While the hype about houses, bitcoins and securities is now waning in view of the turnaround in interest rates, crises and low profit prospects, investor interest in old cars, the so-called garage gold, remains high. But if you now smell the great return opportunity: the form of investment is by no means suitable for everyone, and by no means every classic car promises profit.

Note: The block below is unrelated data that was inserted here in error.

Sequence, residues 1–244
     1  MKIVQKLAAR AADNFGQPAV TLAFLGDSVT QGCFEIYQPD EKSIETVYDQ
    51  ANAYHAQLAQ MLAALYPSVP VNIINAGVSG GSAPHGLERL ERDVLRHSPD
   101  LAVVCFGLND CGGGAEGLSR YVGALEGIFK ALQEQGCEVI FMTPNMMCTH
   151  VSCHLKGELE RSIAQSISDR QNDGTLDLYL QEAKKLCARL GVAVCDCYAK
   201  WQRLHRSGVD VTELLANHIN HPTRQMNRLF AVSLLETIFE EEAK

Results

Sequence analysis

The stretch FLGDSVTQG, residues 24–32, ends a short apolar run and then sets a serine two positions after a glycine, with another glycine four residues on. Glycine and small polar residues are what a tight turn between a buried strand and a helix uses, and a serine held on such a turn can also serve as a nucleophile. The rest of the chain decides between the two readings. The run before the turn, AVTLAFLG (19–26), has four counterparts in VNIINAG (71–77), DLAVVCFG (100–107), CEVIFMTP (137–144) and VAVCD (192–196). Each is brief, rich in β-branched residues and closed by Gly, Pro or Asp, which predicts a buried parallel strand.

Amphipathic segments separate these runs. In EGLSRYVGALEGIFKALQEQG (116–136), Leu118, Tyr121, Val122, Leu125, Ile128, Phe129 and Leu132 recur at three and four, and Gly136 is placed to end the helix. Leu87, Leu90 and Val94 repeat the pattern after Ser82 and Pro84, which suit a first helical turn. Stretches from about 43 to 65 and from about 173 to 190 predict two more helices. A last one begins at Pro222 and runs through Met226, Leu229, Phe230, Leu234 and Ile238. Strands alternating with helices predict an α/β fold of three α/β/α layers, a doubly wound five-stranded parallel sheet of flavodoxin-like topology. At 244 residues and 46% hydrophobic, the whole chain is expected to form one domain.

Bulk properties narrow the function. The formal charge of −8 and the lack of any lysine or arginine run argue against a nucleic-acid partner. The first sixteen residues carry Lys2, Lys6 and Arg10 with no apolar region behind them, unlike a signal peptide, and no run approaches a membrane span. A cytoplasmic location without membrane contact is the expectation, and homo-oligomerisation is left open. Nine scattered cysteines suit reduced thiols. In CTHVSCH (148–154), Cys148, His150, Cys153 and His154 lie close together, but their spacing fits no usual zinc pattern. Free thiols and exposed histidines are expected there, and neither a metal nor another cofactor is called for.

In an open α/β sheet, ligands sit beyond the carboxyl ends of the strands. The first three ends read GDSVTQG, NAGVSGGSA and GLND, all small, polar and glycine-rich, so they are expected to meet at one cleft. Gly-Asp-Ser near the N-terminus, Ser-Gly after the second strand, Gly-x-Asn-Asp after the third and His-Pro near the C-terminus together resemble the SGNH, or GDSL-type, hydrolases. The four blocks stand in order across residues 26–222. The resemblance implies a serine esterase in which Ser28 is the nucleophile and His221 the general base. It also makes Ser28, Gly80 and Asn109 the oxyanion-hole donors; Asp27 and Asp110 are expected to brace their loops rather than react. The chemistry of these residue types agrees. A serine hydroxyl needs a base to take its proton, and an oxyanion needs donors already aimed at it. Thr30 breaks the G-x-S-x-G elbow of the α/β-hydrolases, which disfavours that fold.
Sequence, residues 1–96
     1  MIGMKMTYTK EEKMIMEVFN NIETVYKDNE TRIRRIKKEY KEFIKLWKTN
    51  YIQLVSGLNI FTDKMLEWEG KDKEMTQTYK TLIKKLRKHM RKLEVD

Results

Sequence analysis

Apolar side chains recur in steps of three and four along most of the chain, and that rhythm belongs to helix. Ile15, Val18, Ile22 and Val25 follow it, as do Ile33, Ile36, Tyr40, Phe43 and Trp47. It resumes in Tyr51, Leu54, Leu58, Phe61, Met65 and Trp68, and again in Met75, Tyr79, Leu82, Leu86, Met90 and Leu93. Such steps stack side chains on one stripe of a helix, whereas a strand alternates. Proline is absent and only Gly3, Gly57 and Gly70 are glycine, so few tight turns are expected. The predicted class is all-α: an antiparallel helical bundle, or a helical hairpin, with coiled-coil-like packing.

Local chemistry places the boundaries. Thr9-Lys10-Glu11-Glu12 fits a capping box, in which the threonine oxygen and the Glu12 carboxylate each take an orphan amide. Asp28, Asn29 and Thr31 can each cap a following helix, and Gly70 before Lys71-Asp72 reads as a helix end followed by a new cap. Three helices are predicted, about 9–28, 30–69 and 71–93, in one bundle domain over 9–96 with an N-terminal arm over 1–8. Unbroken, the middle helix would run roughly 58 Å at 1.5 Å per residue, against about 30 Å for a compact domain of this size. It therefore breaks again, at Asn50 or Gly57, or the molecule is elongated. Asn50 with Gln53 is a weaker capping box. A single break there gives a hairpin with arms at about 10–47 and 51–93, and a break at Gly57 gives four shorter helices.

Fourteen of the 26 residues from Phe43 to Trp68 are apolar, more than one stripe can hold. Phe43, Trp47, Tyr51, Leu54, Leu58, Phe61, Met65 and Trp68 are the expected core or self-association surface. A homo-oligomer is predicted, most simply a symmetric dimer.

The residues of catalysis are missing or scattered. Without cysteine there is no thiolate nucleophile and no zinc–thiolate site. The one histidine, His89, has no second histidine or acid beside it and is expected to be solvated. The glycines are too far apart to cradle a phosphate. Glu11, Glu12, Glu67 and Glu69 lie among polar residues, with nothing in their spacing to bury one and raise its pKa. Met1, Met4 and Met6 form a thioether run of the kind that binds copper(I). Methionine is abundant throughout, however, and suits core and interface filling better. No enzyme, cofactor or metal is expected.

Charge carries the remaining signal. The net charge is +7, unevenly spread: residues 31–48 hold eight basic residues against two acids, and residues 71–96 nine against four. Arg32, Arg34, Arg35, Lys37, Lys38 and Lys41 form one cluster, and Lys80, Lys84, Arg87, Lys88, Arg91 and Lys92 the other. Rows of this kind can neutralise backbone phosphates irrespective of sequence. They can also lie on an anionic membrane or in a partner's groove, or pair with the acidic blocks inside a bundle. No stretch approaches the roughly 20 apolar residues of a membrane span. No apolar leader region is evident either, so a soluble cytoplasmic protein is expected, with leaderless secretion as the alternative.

Although the sums achieved at classic car auctions have long since reached dizzying heights, there is no end in sight to the highly speculative willingness to invest, as a number of superlatives from the recent past prove. Last May, for example, a Mercedes 300 SLR Uhlenhaut fetched 135 million euros. It was the first classic car to sell for a three-digit million sum at auction. The previous record holder was a Ferrari 250 GTO with a comparatively modest 48.4 million dollars. Apart from these extremes, there is still great interest in classic cars on the international auction floor. In August 2022, for example, a new record proceeds of around 456 million US dollars were achieved at the entire Monterey Auction Week, which exceeded the previous record result of 2015 by almost 16 percent. The fact that Monterey 2022 was no exception was also shown by the comparatively small Concours d’Elegance on Amelia Island, which, according to Frank Wilke from the market observer Classic Analytics, achieved an all-time high of 178 million US dollars in March 2023. In addition to the continued lively interest from international At the same time, according to Wilke, the high society is also continuing to be very active in the classic car trade, especially in Germany: “After the pure investors have largely withdrawn from the classic car market, the classic car fans there are among themselves again, which strengthens confidence in the stability of this market overall. Bids are lively at international auctions and increasingly high prices are being achieved, especially for sports cars from the 1980s and younger. At the same time, we notice from the volume of evaluations carried out via our network of experts that there is also lively trade in Germany – because a vehicle is often evaluated when it has just been sold. Wilke suspects an interplay of various factors behind this: “In addition to the established and stable nature of the classic car market, there is a general trust in real assets. With the topic of e-fuel, the operation of cars with combustion engines seems to be guaranteed, at least in the medium term, and in everyday life classic car drivers experience much more sympathy for their cars than the reporting on climate activism would suggest. You shouldn’t underestimate the ‘right now’ mentality of some car fans.” No guarantee of rain of money However, anyone who believes that buying old cars will automatically lead you onto the highway in the direction of happy returns could quickly end up on the losing side. The investment in classic cars is and remains risky. According to Wilke, the majority of the precious automobiles traded at auctions are priced beyond the 100,000 euro mark anyway. You first have to raise such large sums and be able to cope with possible losses. The latter can be lavish, as the lists of the biggest winners and losers in the 2022 classic car market published by Classic Analytics at the beginning of 2023 make clear. In the case of inexpensive vehicles, losses remain manageable, such as for the Alfa Giulietta built between 1959 and 1963, whose value has fallen from 24,000 to 20,000 euros. In the case of more exclusive vehicles, however, the absolute losses can be enormous. The Ferrari 330 GTS sports car from the 1960s, for example, was valued at less than 2.2 million euros in early 2023, which corresponds to a loss in value of 345,000 euros. In one year. On the other hand, the evaluation also shows that significant increases in value are possible. An Abarth 595 SS from the 1960s, which was still listed at 34,000 euros in January 2022, increased by almost 65 percent and increased its value to 56,000 euros. In addition to names such as Lamborghini or Aston Martin, average types such as the Ford Taunus 1600 (+33.3%/+2500 euros) or the Opel Olympia 1900 S Coupé (+30.8%/4000 euros) also appear on the list of winners.You also need luck The classic car market offers opportunities and risks at almost every investment level. However, the common notion that cars automatically increase in value as they get older is wrong. Even if some old irons or heirlooms are already allowed to carry a Classic tag, they will not fetch higher prices per se. Many models and series remain only moderately interesting for collectors and enthusiasts for decades and their prices remain largely unchanged in the long term. And should some of them eventually achieve cult status, for example through an appearance in a Hollywood film, you might be able to get a good price if you wait long enough for the right buyer. Or not. In addition to risky willingness to invest, above all special knowledge, skill, the right instinct as well as passion and luck are required in order to be able to participate successfully in this market. Tips for investing One possible strategy could be to spread risks. A diversified, long-term maintained and fluctuating vintage car fleet offers more opportunities. If you put together a colorful portfolio of brands and types, you could sit out potential losses or compensate by selling a vehicle that is currently in demand. But if an old car is to be a good investment, it also has to be invested. Care, maintenance, repairs and parking space cost time and money. The effort can easily cannibalize the possible additional yield. There are always collectors who accumulate old cars in the hope of being able to sell them at a profit one day. However, there is often a lack of time and know-how for a restoration. At some point, the supposed sweethearts broke down and became worthless. Does it really pay off? Vintage cars are therefore particularly suitable as an investment for enthusiasts, in whose hearts the rolling antique can also ignite a fire of enthusiasm. Cool computers will still hardly be able to warm to old cars. Fritz Cirener, who is in charge of the department for historic vehicles at the German Association of the Automotive Industry (VDA), therefore wants to turn his gaze away from auction vehicles worth millions and greed for profit towards the cultural value of the classic car scene: “I see the emotional leisure activity and even more the preservation of the classic car of cultural property. The idea of investing is less relevant. No owner who does this emotionally will be annoyed if his vehicle has an increase in value. However, in the large number of vehicles, the increase in value is in the magnitude of the parking, insurance, operating and maintenance costs experience. Regardless of the price level of the vehicles, the focus is always on the enthusiasm of the car fans. Rarity, a curious CV or a condition that is as perfect as possible are rewarded. And as a result, the question of value and the prospects for increases in value quickly arises. (SPX)